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Have you ever seen a growth on tree that looks like a butt? These butts are a result of natural genetic engineering! This discovery led an NC scientist and avid hiker to create the first genetically modified plants.

West Asheville Park

Crown Gall Tumor

Another name for this junk in the trunk is a Crown Gall Tumor. These growths are the result of a bacterial infection caused  by Agrobacterium.  Living in the soil, the bacteria detects chemicals released by an injured tree. Once inside the tree the bacteria integrates a portion of its DNA into the tree genome. This is an example of naturally occurring genetic engineering! For a bigger tree the tumor will not harm the tree, but may inhibit the growth of smaller trees.

Mary-Dell Chilton

The Queen of Agrobacterium

In the 1970’s, Mary-Dell Chilton identified what was happening in the Crown Gall Tumor. She went on to create the first genetically modified plants by isolating the genes from the bacteria. These modifications can be used to create crops like golden rice which increase key vitamins to prevent disease and malnutrition. Mary-Dell spent much of her childhood (Southern Pines) and later professional life (RTP) in North Carolina. She is an avid outdoorswoman and hiker, she is known as the “Queen of Agrobacterium”.

Below is an excerpt from, “My Secret Life” , an essay by Mary-Dell’s on her personal and professional life. Click here to read more.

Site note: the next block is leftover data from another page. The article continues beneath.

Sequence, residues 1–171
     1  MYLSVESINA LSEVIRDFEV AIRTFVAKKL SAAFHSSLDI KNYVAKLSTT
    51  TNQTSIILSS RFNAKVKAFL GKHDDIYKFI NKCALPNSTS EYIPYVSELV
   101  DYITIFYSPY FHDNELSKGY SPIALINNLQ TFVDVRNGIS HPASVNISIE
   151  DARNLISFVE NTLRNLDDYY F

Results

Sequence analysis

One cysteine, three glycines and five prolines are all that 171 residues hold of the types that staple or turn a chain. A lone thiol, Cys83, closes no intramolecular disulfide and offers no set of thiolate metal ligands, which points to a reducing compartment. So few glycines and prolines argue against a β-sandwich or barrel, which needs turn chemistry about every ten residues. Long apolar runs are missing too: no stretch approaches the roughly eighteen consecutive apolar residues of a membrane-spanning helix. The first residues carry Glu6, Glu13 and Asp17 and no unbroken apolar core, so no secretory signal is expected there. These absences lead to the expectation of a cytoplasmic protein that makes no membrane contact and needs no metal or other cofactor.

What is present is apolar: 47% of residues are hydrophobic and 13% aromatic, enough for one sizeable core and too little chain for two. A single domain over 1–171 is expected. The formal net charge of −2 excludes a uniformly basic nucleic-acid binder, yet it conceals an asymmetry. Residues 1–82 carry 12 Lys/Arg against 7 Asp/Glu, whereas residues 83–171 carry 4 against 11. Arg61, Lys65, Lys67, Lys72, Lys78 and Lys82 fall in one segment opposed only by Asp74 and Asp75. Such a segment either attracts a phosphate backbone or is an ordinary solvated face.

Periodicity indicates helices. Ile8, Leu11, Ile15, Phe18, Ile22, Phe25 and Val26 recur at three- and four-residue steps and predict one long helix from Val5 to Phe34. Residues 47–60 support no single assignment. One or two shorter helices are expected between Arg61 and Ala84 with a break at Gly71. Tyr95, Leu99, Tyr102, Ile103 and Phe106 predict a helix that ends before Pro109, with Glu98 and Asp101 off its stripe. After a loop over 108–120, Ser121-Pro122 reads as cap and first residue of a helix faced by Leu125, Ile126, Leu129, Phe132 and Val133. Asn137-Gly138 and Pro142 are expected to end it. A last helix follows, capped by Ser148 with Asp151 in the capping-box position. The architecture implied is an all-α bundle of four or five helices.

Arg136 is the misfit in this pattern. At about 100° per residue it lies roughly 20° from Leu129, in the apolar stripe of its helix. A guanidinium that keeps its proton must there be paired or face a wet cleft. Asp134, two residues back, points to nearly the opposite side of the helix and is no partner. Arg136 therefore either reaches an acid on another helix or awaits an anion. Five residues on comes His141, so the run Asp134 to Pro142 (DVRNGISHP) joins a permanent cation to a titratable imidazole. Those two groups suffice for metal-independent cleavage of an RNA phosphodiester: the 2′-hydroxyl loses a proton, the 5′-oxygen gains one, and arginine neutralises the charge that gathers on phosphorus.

What is going on at the molecular level?

The DNA from the bacteria codes for many functions including acting as a tiny pair of molecular scissors and syringe. Once inside the tree, the bacteria cuts out its own DNA with the “scissors” and injects it into the nucleus of a tree cell with a “syringe”. At this point, the scissors are used to cut the tree DNA and insert the bacteria’s own T-DNA (transfer DNA) into the tree genome.  Scientist like Mary-Dell have been able to isolate the bacteria’s DNA and replace the T-DNA with whatever gene they want to put in a plant. But telling the gene exactly where to go, ie where to insert itself in the genome is tricky and very important. If the gene is inserted in the wrong place it could cause disruption in other important genes and biological processes. This is where tools like CRISPR can be used to help guide the insertion of the gene, but that is a story for another day.

credit: Guo, et al. 2019

Further Reading

M.D. Chilton, “My Secret Life,” Annu. Rev. Plant Biol., vol. 69, no. 1, pp. 1–20, Apr. 2018, doi: 10.1146/annurev-arplant-032717-090606.
M. Guo, J. Ye, D. Gao, N. Xu, and J. Yang, “Agrobacterium-mediated horizontal gene transfer: Mechanism, biotechnological application, potential risk and forestalling strategy,” Biotechnology Advances, vol. 37, no. 1, pp. 259–270, Jan. 2019, doi: 10.1016/j.biotechadv.2018.12.008.
E. W. Nester, “Agrobacterium: nature’s genetic engineer,” Frontiers in Plant Science, vol. 5, 2015, [Online]. Available:
M.E. Gearing, “Good as Gold: Can Golden Rice and Other Biofortified Crops Prevent Malnutrition?” Harvard University Blog. Available:

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